There is reasonably solid evidence that ivermectin docks to the spike protein itself to prevent binding to the ACE2 receptor which is the primary pathology causing the tissue damage and clots related to SARS-CoV-2. Therefore, this is also an implication that this ability of ivermectin to disable the binding of the Spike protein including the vaccine-produced spike proteins.
This binding of ivermectin to disable the spike protein is also preserved even with the newer spike protein mutations, but its activity against the original Wuhan spike protein,(the one vaccines were designed to produce) is fairly well studied at this point.
Background/Aim: Coronavirus disease 2019 (COVID-19) is an infectious disease caused by severe acute respiratory syndrome coronavirus 2 (SARS-CoV-2). One drug that has attracted interest is the antiparasitic compound ivermectin, a macrocyclic lactone derived from the bacterium Streptomyces avermitilis. We carried out a docking study to determine if ivermectin might be able to attach to the SARS-CoV-2 spike receptor-binding domain bound with ACE2. Materials and Methods: We used the program AutoDock Vina Extended to perform the docking study. Results: Ivermectin docked in the region of leucine 91 of the spike and histidine 378 of the ACE2 receptor. The binding energy of ivermectin to the spike-ACE2 complex was -18 kcal/mol and binding constant was 5.8 e-08. Conclusion: The ivermectin docking we identified may interfere with the attachment of the spike to the human cell membrane. Clinical trials now underway should determine whether ivermectin is an effective treatment for SARS-Cov2 infection.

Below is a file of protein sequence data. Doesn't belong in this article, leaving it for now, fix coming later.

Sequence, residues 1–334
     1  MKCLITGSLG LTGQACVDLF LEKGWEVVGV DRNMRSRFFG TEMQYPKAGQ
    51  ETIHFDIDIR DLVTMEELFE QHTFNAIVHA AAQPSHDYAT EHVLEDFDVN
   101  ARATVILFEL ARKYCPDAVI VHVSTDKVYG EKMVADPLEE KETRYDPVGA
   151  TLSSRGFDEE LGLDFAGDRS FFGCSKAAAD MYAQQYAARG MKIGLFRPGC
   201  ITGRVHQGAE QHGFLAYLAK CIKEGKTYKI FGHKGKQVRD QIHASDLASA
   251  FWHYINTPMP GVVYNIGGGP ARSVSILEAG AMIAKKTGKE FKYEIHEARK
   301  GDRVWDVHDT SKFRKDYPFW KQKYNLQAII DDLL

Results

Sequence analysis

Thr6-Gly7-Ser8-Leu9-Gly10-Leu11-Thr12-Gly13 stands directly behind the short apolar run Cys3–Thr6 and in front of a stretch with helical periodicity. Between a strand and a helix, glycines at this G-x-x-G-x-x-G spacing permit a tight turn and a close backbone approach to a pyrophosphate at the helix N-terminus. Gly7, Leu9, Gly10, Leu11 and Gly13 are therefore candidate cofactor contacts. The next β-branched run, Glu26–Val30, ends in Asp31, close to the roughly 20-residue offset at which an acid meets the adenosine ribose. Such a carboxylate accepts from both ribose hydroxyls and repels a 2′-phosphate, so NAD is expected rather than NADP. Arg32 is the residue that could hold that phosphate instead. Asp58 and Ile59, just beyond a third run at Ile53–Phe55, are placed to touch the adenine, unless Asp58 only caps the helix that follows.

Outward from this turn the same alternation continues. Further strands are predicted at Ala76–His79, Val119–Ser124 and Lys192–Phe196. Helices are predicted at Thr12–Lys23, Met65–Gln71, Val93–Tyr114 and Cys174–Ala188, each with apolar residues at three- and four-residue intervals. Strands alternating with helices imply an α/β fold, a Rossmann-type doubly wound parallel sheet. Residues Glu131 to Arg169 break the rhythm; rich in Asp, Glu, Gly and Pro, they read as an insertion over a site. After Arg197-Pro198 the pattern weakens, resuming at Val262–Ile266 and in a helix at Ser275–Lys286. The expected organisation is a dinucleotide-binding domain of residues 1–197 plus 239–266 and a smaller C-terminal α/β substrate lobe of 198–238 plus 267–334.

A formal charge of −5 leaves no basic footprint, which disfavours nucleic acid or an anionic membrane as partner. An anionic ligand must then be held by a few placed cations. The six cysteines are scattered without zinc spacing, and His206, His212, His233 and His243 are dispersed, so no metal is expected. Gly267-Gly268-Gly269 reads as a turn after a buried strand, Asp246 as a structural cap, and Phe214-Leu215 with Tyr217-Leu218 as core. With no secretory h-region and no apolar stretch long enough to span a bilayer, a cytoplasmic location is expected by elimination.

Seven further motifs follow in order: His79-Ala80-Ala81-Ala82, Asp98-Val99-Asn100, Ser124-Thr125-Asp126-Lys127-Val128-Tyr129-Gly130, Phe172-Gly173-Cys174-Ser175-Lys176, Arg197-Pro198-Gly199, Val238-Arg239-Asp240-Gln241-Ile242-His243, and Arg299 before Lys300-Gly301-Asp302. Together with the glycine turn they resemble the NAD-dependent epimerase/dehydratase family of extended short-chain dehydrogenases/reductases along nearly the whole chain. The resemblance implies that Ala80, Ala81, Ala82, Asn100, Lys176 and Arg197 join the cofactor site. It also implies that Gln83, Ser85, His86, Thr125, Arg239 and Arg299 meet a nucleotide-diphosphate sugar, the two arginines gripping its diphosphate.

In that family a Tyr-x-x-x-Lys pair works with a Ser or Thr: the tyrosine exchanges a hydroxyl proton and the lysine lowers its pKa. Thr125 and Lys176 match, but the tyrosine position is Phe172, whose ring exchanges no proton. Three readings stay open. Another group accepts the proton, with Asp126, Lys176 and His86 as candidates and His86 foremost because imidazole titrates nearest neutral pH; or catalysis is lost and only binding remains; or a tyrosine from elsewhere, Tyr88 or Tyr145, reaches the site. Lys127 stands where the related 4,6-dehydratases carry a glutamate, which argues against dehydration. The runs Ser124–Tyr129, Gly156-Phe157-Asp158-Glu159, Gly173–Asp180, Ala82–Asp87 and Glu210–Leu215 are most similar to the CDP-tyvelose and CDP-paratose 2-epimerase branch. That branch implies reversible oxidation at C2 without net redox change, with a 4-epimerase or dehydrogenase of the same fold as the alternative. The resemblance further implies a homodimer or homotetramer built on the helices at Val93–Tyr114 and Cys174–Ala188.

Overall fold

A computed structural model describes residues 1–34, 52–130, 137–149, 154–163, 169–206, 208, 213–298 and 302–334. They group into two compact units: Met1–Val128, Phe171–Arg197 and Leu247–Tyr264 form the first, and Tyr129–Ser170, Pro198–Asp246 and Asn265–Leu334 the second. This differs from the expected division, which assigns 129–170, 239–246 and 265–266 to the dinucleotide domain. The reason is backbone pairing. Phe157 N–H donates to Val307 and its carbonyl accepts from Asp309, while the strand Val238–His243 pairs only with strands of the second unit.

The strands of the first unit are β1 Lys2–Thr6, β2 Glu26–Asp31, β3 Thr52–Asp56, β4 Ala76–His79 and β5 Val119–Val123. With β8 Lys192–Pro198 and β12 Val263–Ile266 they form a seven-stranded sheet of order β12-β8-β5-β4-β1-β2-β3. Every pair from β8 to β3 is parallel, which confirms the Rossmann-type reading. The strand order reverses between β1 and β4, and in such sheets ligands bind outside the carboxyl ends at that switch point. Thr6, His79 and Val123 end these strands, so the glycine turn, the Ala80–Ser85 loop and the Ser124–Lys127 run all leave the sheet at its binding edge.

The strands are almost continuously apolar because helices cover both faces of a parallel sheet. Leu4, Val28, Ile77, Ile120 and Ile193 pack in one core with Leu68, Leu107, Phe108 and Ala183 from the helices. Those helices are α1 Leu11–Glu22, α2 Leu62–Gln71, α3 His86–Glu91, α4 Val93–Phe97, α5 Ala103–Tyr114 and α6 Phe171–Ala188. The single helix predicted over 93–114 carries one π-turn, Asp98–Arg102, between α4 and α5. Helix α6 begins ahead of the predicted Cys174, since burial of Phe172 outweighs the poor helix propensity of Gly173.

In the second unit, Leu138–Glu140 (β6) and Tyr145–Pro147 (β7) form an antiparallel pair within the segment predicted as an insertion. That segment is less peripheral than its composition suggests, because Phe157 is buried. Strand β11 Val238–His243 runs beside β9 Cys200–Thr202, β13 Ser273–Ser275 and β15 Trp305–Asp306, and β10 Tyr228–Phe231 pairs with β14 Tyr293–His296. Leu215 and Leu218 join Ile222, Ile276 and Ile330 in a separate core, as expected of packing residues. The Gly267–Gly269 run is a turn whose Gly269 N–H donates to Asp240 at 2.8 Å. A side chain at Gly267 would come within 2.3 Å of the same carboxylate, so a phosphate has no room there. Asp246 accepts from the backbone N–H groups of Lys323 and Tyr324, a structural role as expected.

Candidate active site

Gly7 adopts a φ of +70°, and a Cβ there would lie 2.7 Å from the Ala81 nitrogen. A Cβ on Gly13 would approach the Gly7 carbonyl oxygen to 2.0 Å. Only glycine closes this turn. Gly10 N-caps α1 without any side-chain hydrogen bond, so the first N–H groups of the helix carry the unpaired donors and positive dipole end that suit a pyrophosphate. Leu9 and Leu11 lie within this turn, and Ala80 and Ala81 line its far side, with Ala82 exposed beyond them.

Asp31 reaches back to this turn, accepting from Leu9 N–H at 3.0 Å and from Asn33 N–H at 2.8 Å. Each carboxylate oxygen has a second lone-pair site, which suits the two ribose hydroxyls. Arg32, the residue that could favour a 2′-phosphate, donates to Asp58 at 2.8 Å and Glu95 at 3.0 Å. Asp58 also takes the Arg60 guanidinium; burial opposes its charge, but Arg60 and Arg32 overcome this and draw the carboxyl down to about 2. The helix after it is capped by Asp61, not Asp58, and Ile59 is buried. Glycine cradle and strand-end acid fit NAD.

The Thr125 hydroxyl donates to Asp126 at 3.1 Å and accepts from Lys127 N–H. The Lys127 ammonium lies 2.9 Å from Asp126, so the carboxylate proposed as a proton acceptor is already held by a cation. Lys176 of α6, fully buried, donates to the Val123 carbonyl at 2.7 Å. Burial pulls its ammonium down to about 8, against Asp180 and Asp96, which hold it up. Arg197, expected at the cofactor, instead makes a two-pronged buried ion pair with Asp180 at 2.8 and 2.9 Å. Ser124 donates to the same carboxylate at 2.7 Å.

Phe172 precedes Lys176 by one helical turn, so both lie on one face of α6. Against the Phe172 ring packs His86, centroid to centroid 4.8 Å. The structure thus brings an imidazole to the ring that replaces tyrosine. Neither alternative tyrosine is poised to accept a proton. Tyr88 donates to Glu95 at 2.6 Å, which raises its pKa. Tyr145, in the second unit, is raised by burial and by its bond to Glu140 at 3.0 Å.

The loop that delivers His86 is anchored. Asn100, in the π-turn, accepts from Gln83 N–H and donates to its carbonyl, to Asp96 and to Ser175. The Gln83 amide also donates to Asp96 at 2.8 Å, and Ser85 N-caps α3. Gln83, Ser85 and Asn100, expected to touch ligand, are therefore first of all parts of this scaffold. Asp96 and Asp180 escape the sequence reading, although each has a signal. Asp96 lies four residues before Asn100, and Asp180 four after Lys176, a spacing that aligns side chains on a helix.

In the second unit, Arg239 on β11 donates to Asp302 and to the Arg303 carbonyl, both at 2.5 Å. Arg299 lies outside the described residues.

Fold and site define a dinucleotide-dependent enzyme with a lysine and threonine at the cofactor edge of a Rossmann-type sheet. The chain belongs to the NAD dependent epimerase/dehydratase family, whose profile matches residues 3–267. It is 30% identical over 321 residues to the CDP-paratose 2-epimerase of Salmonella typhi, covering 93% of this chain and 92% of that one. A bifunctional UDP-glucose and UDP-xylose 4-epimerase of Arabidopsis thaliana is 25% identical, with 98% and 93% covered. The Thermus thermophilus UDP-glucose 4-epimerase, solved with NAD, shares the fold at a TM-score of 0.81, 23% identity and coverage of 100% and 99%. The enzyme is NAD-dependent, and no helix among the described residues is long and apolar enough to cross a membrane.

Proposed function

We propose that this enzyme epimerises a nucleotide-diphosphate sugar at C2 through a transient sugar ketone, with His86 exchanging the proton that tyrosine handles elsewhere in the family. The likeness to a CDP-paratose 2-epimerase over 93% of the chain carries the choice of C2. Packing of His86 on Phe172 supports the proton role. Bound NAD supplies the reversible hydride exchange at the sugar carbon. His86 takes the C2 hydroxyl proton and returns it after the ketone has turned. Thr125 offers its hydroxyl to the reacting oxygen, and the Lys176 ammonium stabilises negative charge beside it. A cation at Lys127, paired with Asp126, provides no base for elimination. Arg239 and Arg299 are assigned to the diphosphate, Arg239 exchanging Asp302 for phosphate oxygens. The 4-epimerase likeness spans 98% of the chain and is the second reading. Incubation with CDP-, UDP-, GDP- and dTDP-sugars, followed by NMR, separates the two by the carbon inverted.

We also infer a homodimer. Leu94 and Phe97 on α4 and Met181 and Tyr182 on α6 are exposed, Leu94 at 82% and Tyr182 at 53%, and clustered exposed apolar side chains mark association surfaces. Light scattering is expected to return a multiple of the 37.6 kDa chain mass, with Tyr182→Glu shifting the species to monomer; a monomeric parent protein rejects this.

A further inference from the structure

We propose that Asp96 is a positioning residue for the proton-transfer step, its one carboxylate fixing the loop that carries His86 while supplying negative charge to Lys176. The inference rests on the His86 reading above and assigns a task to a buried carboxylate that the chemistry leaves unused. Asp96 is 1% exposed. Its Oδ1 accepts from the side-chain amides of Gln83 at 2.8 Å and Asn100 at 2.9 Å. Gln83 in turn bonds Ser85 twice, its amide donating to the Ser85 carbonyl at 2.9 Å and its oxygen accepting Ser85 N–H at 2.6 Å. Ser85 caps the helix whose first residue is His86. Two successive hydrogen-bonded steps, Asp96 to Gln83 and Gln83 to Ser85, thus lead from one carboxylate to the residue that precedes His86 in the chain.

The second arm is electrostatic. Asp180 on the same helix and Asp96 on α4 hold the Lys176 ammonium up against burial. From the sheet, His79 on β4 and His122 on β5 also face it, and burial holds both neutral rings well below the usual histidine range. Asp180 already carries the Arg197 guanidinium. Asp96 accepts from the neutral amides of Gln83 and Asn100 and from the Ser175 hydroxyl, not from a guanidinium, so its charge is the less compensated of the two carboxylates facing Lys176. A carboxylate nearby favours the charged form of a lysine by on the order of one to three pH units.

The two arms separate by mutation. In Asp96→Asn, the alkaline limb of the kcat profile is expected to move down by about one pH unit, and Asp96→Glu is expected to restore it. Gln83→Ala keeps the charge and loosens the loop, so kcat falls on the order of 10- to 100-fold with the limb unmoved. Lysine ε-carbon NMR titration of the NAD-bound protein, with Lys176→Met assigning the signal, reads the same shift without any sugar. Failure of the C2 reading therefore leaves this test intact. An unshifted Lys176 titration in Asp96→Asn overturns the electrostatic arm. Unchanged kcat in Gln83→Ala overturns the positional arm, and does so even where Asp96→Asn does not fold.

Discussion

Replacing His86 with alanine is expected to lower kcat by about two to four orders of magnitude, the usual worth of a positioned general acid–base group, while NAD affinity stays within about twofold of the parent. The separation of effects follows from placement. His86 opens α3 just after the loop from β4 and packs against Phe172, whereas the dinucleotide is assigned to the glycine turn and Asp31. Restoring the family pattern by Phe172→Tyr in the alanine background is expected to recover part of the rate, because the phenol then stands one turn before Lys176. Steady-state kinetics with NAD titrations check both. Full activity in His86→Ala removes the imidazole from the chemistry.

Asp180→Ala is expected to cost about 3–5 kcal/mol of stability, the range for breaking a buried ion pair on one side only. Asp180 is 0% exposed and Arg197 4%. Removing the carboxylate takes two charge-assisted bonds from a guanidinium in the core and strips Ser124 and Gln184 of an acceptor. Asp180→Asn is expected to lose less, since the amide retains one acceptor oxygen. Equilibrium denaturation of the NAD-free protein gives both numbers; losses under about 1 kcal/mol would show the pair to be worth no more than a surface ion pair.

The following video explains the multiple mechanisms of the activity of Ivermectin including the ability of the body to maintain its basic defense of the cell nucleus in preserving the body's ability to produce antiviral proteins, inhibition of RNA dependant RNA polymerase which inhibits the replication of viral RNA (possibly including that from the mRNA vaccine package), the stat 3 human signaling pathway which inhibits the production of blood clots also possibly mitigating some of the vaccines most dangerous side effects. Also discussed is the inhibition of the CD147 pathway by ivermectin which again may clock the clumping of platelets due to spike protein either from the virus or possibly the vaccines.
The following video explains the computational modeling of how ivermectin is theorized to directly impact the spike protein. Ivermectin appears to have the ability to bind to the spike protein, binds with more affinity than the spike protein active site that binds to the human ACE2 site, and binds with stability.
These factors seem to indicate that ivermectin, in essence, seems to neutralize the interaction of the spike protein with body tissues, possibly inactivating the damaging effects from the spike protein, including the spike proteins produced by current vaccines.